So quickly as to seem almost imperceptible (i.e., in the space of time it takes a person to blink). The high-speed camera reveals how the frog uses its specialized tongue to capture the insect in the blink of an eye. Working on Wall Street, you get used to massive financial changes happening in the blink of an eye.
See also: blink, eye, of

on the blink

1. slang Not working correctly; acting strangely; malfunctioning. Our washer is on the blink, so I'm on my way to the laundromat. Mom called the repairman because our TV is on the blink again.
2. slang Drunk. Do you remember last night at the bar at all? You were really on the blink!
See also: blink, on

on the fritz

Not working correctly; acting strangely; malfunctioning. Our washer is on the fritz, so I'm on my way to the laundromat. Mom called the repairman because our TV is on the fritz again.
See also: fritz, on

without (even) blinking an eye

Without having or displaying any sort of emotional response, especially to that which would normally elicit such a reaction. When we were traveling, Janet used to eat things like crickets and jellyfish without blinking an eye. Be careful—guys like that will kill you without even blinking an eye.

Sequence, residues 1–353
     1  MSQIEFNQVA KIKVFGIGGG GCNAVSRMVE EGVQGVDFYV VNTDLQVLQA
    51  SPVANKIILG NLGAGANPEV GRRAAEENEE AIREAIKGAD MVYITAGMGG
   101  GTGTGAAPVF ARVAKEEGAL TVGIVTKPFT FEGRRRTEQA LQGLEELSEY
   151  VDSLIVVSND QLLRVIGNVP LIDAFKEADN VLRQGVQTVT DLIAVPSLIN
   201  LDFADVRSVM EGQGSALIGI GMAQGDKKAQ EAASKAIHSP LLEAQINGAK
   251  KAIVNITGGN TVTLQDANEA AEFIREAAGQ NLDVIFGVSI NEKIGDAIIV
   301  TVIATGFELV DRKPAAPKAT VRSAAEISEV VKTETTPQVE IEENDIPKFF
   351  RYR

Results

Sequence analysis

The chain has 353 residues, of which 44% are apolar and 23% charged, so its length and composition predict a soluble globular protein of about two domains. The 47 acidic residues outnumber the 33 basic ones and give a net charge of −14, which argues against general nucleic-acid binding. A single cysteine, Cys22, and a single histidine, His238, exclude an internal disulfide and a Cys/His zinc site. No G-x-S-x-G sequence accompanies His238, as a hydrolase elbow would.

See also: blink, eye, without
Farlex Dictionary of Idioms. © 2015 Farlex, Inc, all rights reserved.

blink at something

 
1. Lit. to open and close the eyelids quickly, one or more times. I blinked at the bright light and finally had to close my eyes. Don't blink at me while I am trying to take your picture.
2. Fig. to overlook something, such as a mistake. (As if one had blinked one's eyes rather than seeing the error.) I just can't blink at that kind of behavior. We can't blink at what evil you did.
See also: blink

blink one's tears back

Fig. to try to keep from crying. She blinked back her tears and went on. He blinked his tears back and endured the pain.
See also: back, blink, tear

on the fritz

 and on the blink
not operating; not operating correctly. This vacuum cleaner is on the fritz. Let's get it fixed. How long has it been on the blink?